Russian tycoon becomes Norilsk CEO in board peace deal
MOSCOW (Reuters) - Norilsk Nickel (GMKN.MM) named longtime co-owner Vladimir Potanin as its chief executive on Monday under a deal to end a boardroom war at the world's top nickel and palladium producer.
Kremlin-backed oligarch Roman Abramovich will take control of a 20 percent voting stake to act as a buffer between Potanin and rival Oleg Deripaska, who owns a share in Norilsk through UC RUSAL (0486.HK), the world's largest aluminium producer.
Speaking after his unanimous election by the Norilsk board, Potanin said he planned to stay in the job for between 18 months and two years. The peace deal will last for 10 years, with the core shareholders agreeing to keep their stakes for five.
Abramovich, the billionaire owner of Chelsea football club, could also act as a conduit for the Kremlin at the cash-rich company that mines the vast mineral deposits of Russia's far north.
Having brought an end to the four-year feud between Potanin and Deripaska, he could potentially end up sidelining them as President Vladimir Putin seeks to restore order at the $30 billion miner that was privatised in the mid-1990s.
Deripaska and Potanin now lose their blocking voting stakes and Abramovich steps in with the ability to serve the president's interests early in his new six-year term.
"Roman Abramovich is a businessman who wants to make money," a well-connected industry insider said of the deal. "Norilsk Nickel is a cash machine that doesn't need to fear a crisis."
Alexander Abramov, Abramovich's partner in Evraz (EVRE.L), Russia's largest steelmaker, is to become board chairman at Norilsk Nickel, a source said. Norilsk's shareholders will elect a new board on March 11.
The company will pay around half of its core earnings, expressed as earnings before interest, depreciation and amortisation (EBITDA) in dividends over the next few years, said Potanin. It will start paying dividends twice-yearly in 2014.
Vladimir Strzhalkovsky, who like Putin served in the Soviet KGB security force, steps down as CEO - a demand by Deripaska that Potanin had resisted.
Sources close to the company's shareholders said last week that Strzhalkovsky, who sided with Potanin and launched a series of buybacks during the dispute over Norilsk Nickel's cash flows, would have a $100-million severance deal.
The appointment by the Norilsk board of Potanin, a survivor of the battles between the businessmen who struck it rich after the collapse of the Soviet Union in 1991, had appeared unlikely until the deal was reached this month.
Potanin left the Soviet trade ministry and created a banking empire in the early 1990s - securing control over Norilsk at a bargain-basement price in the loans-for-shares privatisations that he masterminded.
His stake at Norilsk Nickel was one of the biggest prizes handed to insiders in the post-Soviet carve-up of Russian industry in 1995, a process that spawned a new oligarch elite.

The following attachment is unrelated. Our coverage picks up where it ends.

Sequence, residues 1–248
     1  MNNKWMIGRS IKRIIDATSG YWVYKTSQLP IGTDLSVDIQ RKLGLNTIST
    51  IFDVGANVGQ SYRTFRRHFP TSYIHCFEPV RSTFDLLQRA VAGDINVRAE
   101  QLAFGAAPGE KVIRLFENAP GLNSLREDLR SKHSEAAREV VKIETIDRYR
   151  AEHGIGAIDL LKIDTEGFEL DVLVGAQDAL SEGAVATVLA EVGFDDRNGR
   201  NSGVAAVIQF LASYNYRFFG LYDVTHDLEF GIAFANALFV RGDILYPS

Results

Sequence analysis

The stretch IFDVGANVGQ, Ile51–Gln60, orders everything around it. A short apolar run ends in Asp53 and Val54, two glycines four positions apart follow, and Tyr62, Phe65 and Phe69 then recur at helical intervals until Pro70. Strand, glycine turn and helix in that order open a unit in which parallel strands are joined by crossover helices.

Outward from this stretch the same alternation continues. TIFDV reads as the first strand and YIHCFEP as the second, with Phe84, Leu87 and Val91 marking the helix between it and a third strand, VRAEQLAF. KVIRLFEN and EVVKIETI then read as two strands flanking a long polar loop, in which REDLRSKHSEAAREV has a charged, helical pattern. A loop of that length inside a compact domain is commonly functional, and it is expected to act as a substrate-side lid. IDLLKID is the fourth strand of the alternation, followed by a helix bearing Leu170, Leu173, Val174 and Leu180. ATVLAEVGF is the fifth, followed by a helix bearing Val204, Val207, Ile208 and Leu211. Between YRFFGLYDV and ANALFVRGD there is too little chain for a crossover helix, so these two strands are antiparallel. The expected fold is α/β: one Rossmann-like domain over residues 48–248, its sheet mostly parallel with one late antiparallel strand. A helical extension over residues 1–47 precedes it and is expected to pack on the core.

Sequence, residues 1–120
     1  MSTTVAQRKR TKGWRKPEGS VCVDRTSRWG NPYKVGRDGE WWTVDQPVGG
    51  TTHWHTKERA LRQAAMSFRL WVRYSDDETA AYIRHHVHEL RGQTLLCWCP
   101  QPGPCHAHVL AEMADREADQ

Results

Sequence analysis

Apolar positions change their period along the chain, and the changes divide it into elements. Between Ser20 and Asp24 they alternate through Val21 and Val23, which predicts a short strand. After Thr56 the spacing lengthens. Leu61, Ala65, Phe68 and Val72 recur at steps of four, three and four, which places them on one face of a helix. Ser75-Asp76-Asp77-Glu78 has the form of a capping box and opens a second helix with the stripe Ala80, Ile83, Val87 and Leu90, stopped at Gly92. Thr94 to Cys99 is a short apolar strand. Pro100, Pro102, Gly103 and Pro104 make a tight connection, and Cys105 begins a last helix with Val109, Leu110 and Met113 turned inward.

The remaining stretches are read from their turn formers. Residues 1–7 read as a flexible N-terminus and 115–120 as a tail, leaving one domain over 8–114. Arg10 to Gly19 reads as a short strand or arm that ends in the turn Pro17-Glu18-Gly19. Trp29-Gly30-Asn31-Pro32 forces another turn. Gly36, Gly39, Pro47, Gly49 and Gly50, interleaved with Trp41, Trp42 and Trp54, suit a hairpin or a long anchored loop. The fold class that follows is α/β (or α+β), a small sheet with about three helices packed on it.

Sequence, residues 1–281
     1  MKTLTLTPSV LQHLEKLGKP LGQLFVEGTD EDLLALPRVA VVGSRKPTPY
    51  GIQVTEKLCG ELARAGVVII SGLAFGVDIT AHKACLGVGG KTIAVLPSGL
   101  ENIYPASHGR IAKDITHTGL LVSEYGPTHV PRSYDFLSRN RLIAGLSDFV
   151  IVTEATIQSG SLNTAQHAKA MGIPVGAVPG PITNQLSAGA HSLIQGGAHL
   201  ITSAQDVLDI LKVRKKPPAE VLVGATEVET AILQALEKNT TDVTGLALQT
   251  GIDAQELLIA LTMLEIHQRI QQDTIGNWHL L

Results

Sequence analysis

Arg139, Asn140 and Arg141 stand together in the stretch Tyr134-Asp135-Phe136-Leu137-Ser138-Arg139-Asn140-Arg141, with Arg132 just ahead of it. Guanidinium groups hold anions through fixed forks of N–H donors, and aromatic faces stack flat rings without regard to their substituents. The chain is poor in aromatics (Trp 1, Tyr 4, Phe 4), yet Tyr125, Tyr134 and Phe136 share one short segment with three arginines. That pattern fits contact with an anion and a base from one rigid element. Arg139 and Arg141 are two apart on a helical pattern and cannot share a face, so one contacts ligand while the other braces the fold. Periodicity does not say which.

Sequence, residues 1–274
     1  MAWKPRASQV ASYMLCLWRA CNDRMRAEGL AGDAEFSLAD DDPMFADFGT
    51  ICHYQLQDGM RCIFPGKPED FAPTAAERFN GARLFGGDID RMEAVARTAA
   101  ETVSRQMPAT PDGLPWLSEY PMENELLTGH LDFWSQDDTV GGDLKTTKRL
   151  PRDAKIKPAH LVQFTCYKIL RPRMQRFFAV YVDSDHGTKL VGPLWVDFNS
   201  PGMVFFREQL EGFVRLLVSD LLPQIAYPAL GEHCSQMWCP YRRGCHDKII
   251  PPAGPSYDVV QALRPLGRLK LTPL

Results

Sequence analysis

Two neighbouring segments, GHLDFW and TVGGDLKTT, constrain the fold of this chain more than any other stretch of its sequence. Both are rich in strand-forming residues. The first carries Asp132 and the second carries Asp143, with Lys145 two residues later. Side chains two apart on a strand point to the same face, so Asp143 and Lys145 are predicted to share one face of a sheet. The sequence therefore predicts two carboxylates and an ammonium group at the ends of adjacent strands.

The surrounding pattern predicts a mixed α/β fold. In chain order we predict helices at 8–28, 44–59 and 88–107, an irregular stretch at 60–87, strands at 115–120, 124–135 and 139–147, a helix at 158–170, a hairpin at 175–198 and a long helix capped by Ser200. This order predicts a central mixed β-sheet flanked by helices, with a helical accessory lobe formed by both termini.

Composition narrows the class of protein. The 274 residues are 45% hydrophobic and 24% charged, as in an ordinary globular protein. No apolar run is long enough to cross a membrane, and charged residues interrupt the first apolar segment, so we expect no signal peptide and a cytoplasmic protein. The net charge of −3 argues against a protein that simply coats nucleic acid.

Putin reined in the tycoons after he rose to power in 2000, and signalled last week he was intent on tackling some of the problems that continue to blight Russia's business scene after 13 years as the country's dominant leader.
Sorting out problems at Norilsk Nickel would help enhance Russia's image among foreign investors.
Potanin, 51, is ranked the 46th-richest man in the world, with a fortune estimated at $14.5 billion by Forbes magazine.
He had long rejected a direct role in managing the company, saying he preferred to leave the day-to-day running of the company to professional managers.
Despite the deal, it is not clear whether a balance of power has been reached at the management level.
Analysts said the company needed to boost efficiency and transparency, but expressed concerns that paying out dividends could take precedence over capital investment now running at about $2.5 billion per year.
"The first step that can be expected is a decrease in capital expenditure and operational cost cutting," Vadim Astapovich, an analysts at VTB Capital, said.
Looking further out, Norilsk could revisit the idea of merger and acquisition deals that were forced off the agenda by the shareholder dispute, Astapovich added.
Trouble broke out at the Arctic giant after the global financial crisis in 2008 when Deripaska, who had bought out Potanin's partner Mikhail Prokhorov with a view to merging Norilsk with his aluminium firm RUSAL (0486.HK), defied pressure to exit to cut his own debts.
Under the peace deal, Deripaska will finally prevail in his demand for hefty dividend payouts, which sources have said could total $10 billion over three years, forcing the company to borrow to cover the cost.
The Vedomosti daily quoted sources on Monday as saying Abramovich and Abramov, plan to buy up to 10 percent of Norilsk shares.
Abramovich will hold 5.87 percent of Norilsk Nickel, RUSAL will hold 7.8 percent and Potanin's Interros will hold 30.3 percent after Norilsk's treasury shares - amounting to almost 17 percent of its issued capital - are cancelled.
To ensure Abramovich's role as enforcer of the peace, the other two billionaires will give him voting power over some of their shares. That will leave the three billionaires with nearly equal voting stakes but means Abramovich can impose a resolution in any dispute between the other two. (The story is corrected to make clear in third graph that core shareholders will keep stakes for five years)
(Addditional reporting by Andrey Kuzmin; Editing by Melissa Akin, Timothy Heritage and Anna Willard)
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